I know it’s not true. I’ve encouraged others not to fall for OCD’s exclusion tactic, imagining that the promises of God apply to everyone else except ourselves. But when I’m in my own trenches, it takes incredible effort to manage myself properly.

I don’t engage with my twisty-turny thoughts too long. I decide to put it on ice and come back later.

Day Four of My Scrupulous Confession

Ok, this is taking me a really long time. And I still haven’t even gone to my knees to confess!

I don’t want to do this all OCD-like. I don’t get on my knees or make any elaborate, ritualistic introductory prayer. In the silence of my mind, I blurt out my thoughts as they come.

God, I’m a mess!

A reply seems to float back earthward, ever so gently. I know.

God, what can I even say? My mind feels like a flat tire. My heart pinches with shame and longing and strange feelings I can’t even describe. I want to cry.

I can’t even make myself sorry, Lord. I’M NOT SORRY. I like what my flesh likes. That’s the honest truth. I don’t want to obey Your Word. In my heart of hearts I just wanna do what I wanna do. And I’m mad that I’m not supposed to.

I sit still for a moment, feeling some relief at getting my honest feelings off my chest. After a few days of avoiding God, I feel a little lighter just communicating with Him again. It feels good to admit that I can’t accomplish what my brain tells me I need to do.

Religious OCD and Scrupulous Confessions

I admit, Lord, that what I did wasn’t right. But that’s about all I can offer you right now.

I lift my empty hands, palms facing up in a gesture of helplessness. I can’t think of a single Bible verse to claim. I can’t even hype myself up to think about Your love and acceptance. I can’t make myself feel contrition.

I sit still for a moment. I get no “impressions” from God, no feelings of a soothing “presence,” and no indicators of God’s thoughts on the matter. All I have is a quiet sense that God knows. He knows I’m a mess. He knows where I’m at.

He just knows.

I don’t actually make a formulaic confession at all. I don’t feel sorry. I don’t achieve any high-pitched conviction that I’ll never stumble in this area again. I leave it at admitting what I did wasn’t right. That is, after all, the meaning of “confession.” I confess that it wasn’t right. And I wordlessly ask God to give me whatever kind of help I ought to receive.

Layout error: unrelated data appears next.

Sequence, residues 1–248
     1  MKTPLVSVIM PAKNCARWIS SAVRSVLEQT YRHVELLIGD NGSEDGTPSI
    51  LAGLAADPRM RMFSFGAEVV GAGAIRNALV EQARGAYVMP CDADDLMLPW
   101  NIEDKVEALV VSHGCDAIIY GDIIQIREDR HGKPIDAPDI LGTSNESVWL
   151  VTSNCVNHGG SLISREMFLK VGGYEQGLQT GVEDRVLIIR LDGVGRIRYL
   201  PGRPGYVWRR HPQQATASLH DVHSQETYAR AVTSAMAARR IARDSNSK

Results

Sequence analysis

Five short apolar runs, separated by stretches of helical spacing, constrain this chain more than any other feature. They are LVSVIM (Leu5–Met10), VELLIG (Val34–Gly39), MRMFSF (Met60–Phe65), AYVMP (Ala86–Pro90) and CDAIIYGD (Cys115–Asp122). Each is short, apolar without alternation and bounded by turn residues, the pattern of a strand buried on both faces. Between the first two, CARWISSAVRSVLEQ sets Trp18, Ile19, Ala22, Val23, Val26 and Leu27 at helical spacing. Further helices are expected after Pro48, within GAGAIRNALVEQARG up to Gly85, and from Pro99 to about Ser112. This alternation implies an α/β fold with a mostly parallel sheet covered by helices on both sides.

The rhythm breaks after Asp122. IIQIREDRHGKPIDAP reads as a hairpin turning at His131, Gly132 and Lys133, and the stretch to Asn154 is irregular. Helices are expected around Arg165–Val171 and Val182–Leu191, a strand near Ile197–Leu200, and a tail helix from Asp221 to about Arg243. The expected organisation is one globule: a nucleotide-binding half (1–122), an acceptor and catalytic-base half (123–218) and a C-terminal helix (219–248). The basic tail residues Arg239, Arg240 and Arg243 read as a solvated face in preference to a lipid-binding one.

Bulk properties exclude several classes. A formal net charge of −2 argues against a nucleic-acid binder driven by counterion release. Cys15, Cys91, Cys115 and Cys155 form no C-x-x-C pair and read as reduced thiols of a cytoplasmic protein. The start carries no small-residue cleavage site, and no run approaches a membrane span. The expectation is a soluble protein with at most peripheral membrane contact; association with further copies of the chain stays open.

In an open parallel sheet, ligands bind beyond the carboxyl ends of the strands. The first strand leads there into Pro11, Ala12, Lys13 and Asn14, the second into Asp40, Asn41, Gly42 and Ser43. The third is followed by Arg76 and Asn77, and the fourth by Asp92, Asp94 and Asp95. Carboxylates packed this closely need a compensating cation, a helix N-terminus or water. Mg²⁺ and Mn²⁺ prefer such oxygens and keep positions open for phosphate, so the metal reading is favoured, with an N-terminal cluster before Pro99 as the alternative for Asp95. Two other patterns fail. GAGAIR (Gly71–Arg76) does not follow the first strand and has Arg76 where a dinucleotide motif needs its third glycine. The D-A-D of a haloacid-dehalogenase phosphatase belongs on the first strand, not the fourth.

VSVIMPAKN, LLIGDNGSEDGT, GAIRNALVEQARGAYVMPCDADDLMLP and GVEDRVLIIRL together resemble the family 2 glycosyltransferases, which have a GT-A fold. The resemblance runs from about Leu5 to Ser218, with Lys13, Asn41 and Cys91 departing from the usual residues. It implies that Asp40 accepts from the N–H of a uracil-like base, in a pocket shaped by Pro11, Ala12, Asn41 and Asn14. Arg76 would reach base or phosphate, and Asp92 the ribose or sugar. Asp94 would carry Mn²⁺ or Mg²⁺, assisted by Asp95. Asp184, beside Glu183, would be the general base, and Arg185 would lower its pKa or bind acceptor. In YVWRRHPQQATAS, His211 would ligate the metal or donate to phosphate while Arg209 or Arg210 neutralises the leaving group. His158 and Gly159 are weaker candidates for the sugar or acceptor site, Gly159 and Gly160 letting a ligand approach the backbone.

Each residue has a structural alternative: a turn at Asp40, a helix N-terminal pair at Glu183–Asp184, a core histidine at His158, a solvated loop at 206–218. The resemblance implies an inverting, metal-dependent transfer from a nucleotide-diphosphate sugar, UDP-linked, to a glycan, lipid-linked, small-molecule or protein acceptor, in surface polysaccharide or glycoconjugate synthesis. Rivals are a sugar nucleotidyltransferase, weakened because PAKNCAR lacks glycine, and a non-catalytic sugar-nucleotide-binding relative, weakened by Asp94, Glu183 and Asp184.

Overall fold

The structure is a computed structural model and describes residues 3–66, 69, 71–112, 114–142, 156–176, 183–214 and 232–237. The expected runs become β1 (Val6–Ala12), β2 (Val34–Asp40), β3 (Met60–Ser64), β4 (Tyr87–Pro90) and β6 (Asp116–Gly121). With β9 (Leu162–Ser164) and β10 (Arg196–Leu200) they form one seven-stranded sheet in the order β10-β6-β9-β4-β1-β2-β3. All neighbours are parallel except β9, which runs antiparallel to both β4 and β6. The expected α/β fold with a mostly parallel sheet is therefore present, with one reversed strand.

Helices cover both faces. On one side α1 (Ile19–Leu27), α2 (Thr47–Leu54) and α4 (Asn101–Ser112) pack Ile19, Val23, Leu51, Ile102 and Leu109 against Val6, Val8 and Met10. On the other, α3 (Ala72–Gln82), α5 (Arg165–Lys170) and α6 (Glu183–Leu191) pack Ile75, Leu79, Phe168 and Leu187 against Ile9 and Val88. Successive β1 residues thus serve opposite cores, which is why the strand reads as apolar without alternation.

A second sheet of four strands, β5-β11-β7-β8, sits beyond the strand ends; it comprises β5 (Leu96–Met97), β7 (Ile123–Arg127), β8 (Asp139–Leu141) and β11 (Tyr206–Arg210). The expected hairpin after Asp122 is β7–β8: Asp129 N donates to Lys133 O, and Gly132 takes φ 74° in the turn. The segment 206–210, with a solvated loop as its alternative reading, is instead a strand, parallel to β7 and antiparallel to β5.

That’s all I can do.

An Analysis of of My Scrupulous Confession

Gaining some days of distance from my confession always gives me more clarity. I can look back and see how OCD it is to think I have to hype up my emotions. I can recognize the way my black-and-white brain tries to terrify me with worst case scenarios like the unpardonable sin. I can see the way I tried to self-punish myself with “hard messages” that would make me feel sorry enough–a compulsive and legalistic approach to confession.

I know I’m going to sin many more times between here and the kingdom of heaven. And I don’t want to allow my OCD to push me into scrupulous confessions over and over again.

I’m not alone in this. As you read this, maybe you are identifying. And when I made a survey of 451 people with religious OCD, only 11% stated that they “never” worry about having committed a mortal sin or the unpardonable sin. To some extent, almost all of us get anxious about our sins and how to deal with them.

Scrupulosity data on the unpardonable sin

And 51.66% of respondents said they “always” or “often” are too intense or obsessive about confessing sins. I already wrote a separate blog post about this statistic, which you can find by clicking here.

Scrupulosity data on confessing sin

Scrupulous confessions are clearly something that trouble people with a sensitive conscience. But thankfully, it isn’t something that needs to plague us forever.

I am learning to do the following:

  1. When I notice my confession becoming obsessive, I try to pause, put the whole thing on ice, and come back later–hopefully at a time when I’m more in my “sound mind.” I know God has the patience for me to navigate my anxiety; there’s no need for me to stop the car in the middle of traffic and make my confession before I continue driving!
  2. I try to avoid extreme, worst case scenario modes of thinking, such as the constant assumption that “that was the last straw” and I’ve now committed the unpardonable sin. After all, how many times in the past have I thought that I committed the unpardonable sin and then I found myself sweetly reconciled to God? If my fears were unfounded so many times in the past, certainly they are unfounded now, and God will continue to have mercy on me.
  3. I try to remind myself that it is “the goodness of God which leads to repentance.” Any thoughts in which I am trying to terrify or self-harm myself into repentance is not from God. I have to ignore these legalistic urges. Even though the idea of a good and loving God might not seem very relatable at the moment, it is true, independent of my faulty feelings.
  4. I try to keep confession very simple. Sometimes it’s just admitting that I’m a mess and I can’t “feel” all the right remorse, but I acknowledge that what I did was wrong. I remember the very short confessions of people like the thief on the cross or the publican of Luke 18 who couldn’t even lift his eyes towards heaven, but smote himself on the breast and said, “God, be merciful to me a sinner.” Sometimes brevity in our prayers is produced by inner pain and turmoil; in these cases, doesn’t it seem like God would understand that we can’t manage more than a whispered “help?”

Scrupulous confessions can still cause me distress, but I thank God my confessions of today are not what they were five years or a decade ago. And perhaps you can look back at ways your own confession experiences have grown and evolved over time. I hope my experience can somehow help you to make another step or two forward in regaining a healthy perspective on confession.